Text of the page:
What a surprise. Warm, powdery, and sensual. It's smooth and creamy, with dry cocoa, vanilla and spice. The berry and citrus notes are negligible. It's powdered and slightly perfumy, very different from other Jo Malones I've tried. It isn't a skin scent as it has normal projection and a delicious sillage, kind of sexy. Fairly long lasting, at least 6 hours.
06th May, 2015 (last edited: 09th May, 2015)
Blue Agava & Cacao by Jo Malone is another agreeable, natural-smelling cologne. Strong opening of cacao and vanilla, which dominate the fragrance through its lifespan, with some spicy elements that help balance out the abovementioned sweeter elements, keeping it from being too cloyingly sweet. After reading about the floral notes, I can detect some slightly, but they're certainly not the main story.
As this is the third Jo Malone fragrance I've sampled/worn (after Wood Sage & Sea Salt, a cologne, and Velvet Rose & Oud, a "cologne intense"), my biggest criticism is not the fragrance itself but the intensity, as it seems to project only a foot, and longevity, which is limited to fewer than six hours after becoming a skin scent post-shower, and limits my interest in purchasing any at its price points.
Still, an enjoyable component of the line which strikes me as very natural. It simply could stand to be a bit denser.
7 out of 10
For the couple o f hours before it s gone, it is a beauty. It begins with a citrusy cacao blast and as the citrus tails off, the cacao remains for the full performance, joined by what on my wrist smells like a lighter version of the Fahrenhiet leather note. Brief but very enjoyable.
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Initially the fruity start had a glimpse of lemon that quickly disappeared and gave way to the instant cocoa notes that remained dominant throughout. It never became cloying, possibly for the agave provided it with a certain freshness. In the base vanilla and especially cinnamon were prominent. Although, like other Malone's, designed for layering, it is not such a straightforward scent and shows some depth and development. Adequate silage and projection, and a surprising longevity of four hours. This is a decent fragrance in its own right.
Another Jo Malone fragrance that falls short of the mark. Initially you'll get a burst of the candied lime, but after that it's all down hill. It smells like a flat Selzer water with a lime in it. Labeled as unisex, but is very much on the feminine side. Throw in the high price and it's a no brainer.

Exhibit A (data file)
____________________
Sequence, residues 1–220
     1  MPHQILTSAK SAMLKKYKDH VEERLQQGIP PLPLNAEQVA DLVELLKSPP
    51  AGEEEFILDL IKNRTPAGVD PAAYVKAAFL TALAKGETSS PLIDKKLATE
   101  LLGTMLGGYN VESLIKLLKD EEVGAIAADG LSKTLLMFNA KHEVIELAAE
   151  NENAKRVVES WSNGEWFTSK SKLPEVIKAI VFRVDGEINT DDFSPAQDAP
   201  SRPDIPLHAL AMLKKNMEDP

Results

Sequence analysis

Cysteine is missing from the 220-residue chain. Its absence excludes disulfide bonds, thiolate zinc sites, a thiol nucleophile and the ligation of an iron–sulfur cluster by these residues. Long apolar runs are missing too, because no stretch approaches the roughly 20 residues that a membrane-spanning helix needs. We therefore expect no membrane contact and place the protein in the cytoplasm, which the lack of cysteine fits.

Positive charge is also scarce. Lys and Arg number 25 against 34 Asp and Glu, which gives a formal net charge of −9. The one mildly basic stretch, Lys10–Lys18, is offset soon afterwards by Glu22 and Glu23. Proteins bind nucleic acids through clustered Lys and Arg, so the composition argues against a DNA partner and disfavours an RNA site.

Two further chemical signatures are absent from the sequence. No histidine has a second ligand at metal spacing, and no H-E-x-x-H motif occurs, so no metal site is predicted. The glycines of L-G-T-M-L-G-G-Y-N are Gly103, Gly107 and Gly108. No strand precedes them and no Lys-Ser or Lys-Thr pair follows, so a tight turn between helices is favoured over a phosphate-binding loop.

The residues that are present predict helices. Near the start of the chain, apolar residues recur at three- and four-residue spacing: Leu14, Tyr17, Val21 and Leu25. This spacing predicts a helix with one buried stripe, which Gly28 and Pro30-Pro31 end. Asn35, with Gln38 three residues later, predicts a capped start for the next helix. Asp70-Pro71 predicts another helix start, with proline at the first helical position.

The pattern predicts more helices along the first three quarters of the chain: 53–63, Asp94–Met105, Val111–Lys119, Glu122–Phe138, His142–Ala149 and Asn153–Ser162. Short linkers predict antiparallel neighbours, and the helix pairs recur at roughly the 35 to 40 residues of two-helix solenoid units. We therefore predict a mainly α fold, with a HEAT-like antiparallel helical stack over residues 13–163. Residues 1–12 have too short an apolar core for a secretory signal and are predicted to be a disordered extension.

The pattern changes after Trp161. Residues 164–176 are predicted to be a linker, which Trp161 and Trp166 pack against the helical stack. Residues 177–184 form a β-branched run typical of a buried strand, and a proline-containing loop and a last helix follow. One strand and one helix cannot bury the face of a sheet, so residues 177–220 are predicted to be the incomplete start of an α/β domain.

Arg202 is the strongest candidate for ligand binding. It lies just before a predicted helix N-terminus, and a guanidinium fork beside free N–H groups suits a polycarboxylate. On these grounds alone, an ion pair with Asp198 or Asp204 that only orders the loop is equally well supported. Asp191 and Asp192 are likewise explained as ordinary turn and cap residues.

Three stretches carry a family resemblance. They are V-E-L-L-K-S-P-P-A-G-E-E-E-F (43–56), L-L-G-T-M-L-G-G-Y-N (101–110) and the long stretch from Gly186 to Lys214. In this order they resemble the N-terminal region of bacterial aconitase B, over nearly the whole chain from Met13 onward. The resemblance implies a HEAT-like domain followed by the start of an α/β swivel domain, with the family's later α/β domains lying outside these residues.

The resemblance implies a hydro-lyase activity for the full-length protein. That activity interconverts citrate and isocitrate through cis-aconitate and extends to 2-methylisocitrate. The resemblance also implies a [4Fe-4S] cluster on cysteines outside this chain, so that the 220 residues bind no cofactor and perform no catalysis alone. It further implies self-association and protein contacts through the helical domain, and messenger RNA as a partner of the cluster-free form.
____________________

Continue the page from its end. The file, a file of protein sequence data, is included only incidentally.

I think a lot of Jo Malone's scents are misunderstood - they are rarely best worn alone, but layered with another, maybe 2 other of the scents. They are all designed to work together, and believe me, try the Blue Agava & Cacao with the Grapefruit, and you will get a completely different, beautiful fragrance.
Both these scents do not do much alone, but together are fantastic. I get so many compliments when wearing these, even strangers in shops stopping me and asking me what scent I am wearing. The only negative thing I can say about Jo Malone is for an expensive brand, the scents do not have the same staying power as other perfumes in the same price range.
A rather unique gourmand, using a dry chocolate musk and candy smells instead of the usually rich vanillas that have come to define the genre.
To me, Blue Agava & Cocoa smells like two completely different themes mashed together more than a cohesive whole. First, there's the candy-sweet soda elements, mixing that artificial blue raspberry candy smell with creme soda and pink bubble gum and the distinct smell of pineapple Fanta soda. It has a nose-tickling bubbly effervescence that really does smell like candy-sweet soda. Then, somehow coexisting with that, there's a very dry musk that's sort of soapy but that has some real dirtiness to it (early on, before it's quickly buried, there's a very distinct shot of civet). The cocoa is sort of a dusty, perfumey rendering of chocolate, nothing like the smell of a candy bar, and it mixes with a subtle touch of cinnamon (like the old 60's musks used to use).
Does it work? Sort of. Maybe. It's creative and certainly unique, but I'm afraid that despite what sounds like a really interesting mix of potentially conflicting notes, Blue Agava & Cocoa is actually kind of boring. It's not as sweet and stupid as it could be, but it's not nearly as interesting and "niche" as it could be either. Is it worth a sniff? Maybe. Especially if you're a gourmand fanatic looking for something that doesn't smell like marshmallows or vanilla.
I have a HUGE thing for gourmand scents. Blue Agava & Cacao is just... perfect. It's my signature fragrance, need I say more? First of all it should never be listed in the floral section on the Jo Malone website. Secondly it is gorgeous. It doesn't have all that much citrus in it's opening like they make it seem. Maybe just a little bit of it, but not too much. Also Blue Agava & Cacao is all about it's heart notes that seem to play the most important role in the whole composition. It is somewhat sheer and it is never cloying nor heavy. But it is indeed very gourmand and has lots of cocoa in it.